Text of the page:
The initial reactions to the news that Suzanne Collins would be releasing a prequel to the Hunger Games trilogy were enthusiastic, even 12 years after The Hunger Games first came out. Then came the summary. Suddenly, fans who had been excited to get their hands on a new Hunger Games book were disappointed to learn that that book would focus on Coriolanus Snow–the infamous president of Panem–as a teenager. No would really wants to read about the teenage years of a villain, do they?
After reading the summary, I experienced my own sense of disappointment and shock. President Snow works very well as an antagonist for Katniss. He’s as well-polished as he is contemptible, and you cannot help but feel some admiration for his craftiness even as you despise what he is doing. He is, in short, just the kind of villain readers love to hate. Did the world really need a look at his formative years? Are we going to be asked to feel sorry for him? Should we feel sorry for him? And, if we do, how could that affect our reading of The Hunger Games? Despite having initial doubts myself, I ultimately concluded that I trust Suzanne Collins’ storytelling ability and I am willing to give The Ballad of Songbirds and Snakes a chance.
Stories that seek to rehabilitate or simply make villains human are not totally unheard of in YA literature. Marissa Meyer’s Heartless, a look at the Queen of Hearts as a teenager, is perhaps one of the most well-known attempts. Still, I think the news that Snow would feature as a protagonist in a prequel has some fans worried that we may be asked to sympathize with a character we have come to hate–and, thus, in some sense, we will be asked to jeopardize our values or rewrite our understanding of what was happening in The Hunger Games. Being asked to rewrite your worldview can feel a little threatening–and it may seem unnecessary in this case, when no one seemed to be asking for a prequel 12 years after the fact. But I don’t think Collins is going to give us a simplistic story arc that says, “Hey, look, Snow used to be good. You should really like him now.”
Collins’ storytelling in the original Hunger Games trilogy is quite sophisticated and nuanced. The whole point of the series is that there seems to be no black-and-white in this world gone mad. Katniss, a teenager who routinely breaks the law to survive, is now being asked to kill other children and teens if she wants to see her family again. Collins tries to make Katniss as likeable as possible by making many of her kills indirect or accidental–yet the fact remains that Katniss has blood on her hands. She is transformed by the Games into something dark, something people who were not in the Games can never fully understand. Katniss, our hero, is far from being the typical savior of a dystopian world. She’s not the “good guy” fighting the “bad guys.” She’s a girl trying to survive.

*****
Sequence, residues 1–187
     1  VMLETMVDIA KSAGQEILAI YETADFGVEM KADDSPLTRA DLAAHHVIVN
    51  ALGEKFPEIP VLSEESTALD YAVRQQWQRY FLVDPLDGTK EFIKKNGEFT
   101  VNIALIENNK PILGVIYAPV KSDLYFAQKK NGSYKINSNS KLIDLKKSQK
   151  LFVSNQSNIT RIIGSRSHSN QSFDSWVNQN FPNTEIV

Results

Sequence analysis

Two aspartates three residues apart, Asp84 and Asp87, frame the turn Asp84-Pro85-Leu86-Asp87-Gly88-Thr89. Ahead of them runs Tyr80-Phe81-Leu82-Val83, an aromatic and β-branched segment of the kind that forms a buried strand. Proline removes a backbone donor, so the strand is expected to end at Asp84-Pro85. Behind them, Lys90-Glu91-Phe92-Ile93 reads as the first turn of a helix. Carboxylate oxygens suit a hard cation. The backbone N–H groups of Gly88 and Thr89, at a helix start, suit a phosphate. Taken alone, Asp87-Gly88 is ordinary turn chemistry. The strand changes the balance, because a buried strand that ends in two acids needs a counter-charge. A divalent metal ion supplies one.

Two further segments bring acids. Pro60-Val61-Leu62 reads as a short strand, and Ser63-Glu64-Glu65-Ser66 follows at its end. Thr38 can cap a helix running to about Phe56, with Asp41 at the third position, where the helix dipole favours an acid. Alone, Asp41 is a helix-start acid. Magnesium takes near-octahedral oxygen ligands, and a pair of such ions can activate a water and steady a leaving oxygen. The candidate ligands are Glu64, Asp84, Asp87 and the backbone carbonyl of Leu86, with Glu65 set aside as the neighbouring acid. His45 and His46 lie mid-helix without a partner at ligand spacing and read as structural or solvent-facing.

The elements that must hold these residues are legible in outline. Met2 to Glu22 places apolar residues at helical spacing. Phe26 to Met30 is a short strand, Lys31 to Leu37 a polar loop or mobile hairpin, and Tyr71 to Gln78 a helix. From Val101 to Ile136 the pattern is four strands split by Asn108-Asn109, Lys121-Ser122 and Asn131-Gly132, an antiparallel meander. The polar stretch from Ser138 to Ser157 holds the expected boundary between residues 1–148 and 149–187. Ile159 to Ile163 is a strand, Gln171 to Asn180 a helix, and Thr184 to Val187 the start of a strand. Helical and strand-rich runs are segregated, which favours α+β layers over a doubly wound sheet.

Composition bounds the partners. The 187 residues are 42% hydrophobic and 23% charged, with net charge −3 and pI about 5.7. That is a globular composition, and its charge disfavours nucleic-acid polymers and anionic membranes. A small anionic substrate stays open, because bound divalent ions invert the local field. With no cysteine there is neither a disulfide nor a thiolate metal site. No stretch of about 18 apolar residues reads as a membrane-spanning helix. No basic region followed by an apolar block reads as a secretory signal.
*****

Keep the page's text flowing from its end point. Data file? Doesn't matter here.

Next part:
I have no reason to believe that this moral complexity will be lost in a Hunger Games prequel, or even any reason to believe that we are supposed to like or cheer on teenage Snow. The summary indicates that Snow is concerned in this book with reviving the reputation of his family name by “outwitting” and “outmaneuvering” others to become a successful mentor in the Games. Snow is invested in the Games and he is invested because his personal interests are at stake. He hardly sounds like some innocent angel readers are supposed to love. Indeed, I rather suspect the real “hero,” if there can be one, will be the unnamed female tribute from District 12 whom Snow must mentor to victory–not for her sake, but for his.
I think the complexity of this book may well indeed be a result of how it resonates with the original Hunger Games trilogy. Snow, once again, is being matched with a female tribute from District 12 and being asked to use his wits to win a game that will determine his own fate. However, while the original trilogy showed us a survivor whom we could root for, a survivor who tried to hold on to whatever humanity she had left, The Ballad of Songbirds and Snakes seems likely to show us the reverse image: a teenager who sacrifices his soul to win the Games. I don’t think we are supposed to like Snow or even feel sorry for him. I think we are supposed to compare him to Katniss, and see how badly he loses the game, in the end.
What is the cost of survival? And are you willing to pay the price? These are the questions I think The Ballad of Songbirds and Snakes will continue to ask. I trust Suzanne Collins to deliver another sophisticated and nuanced novel. And so, I will be reading the prequel.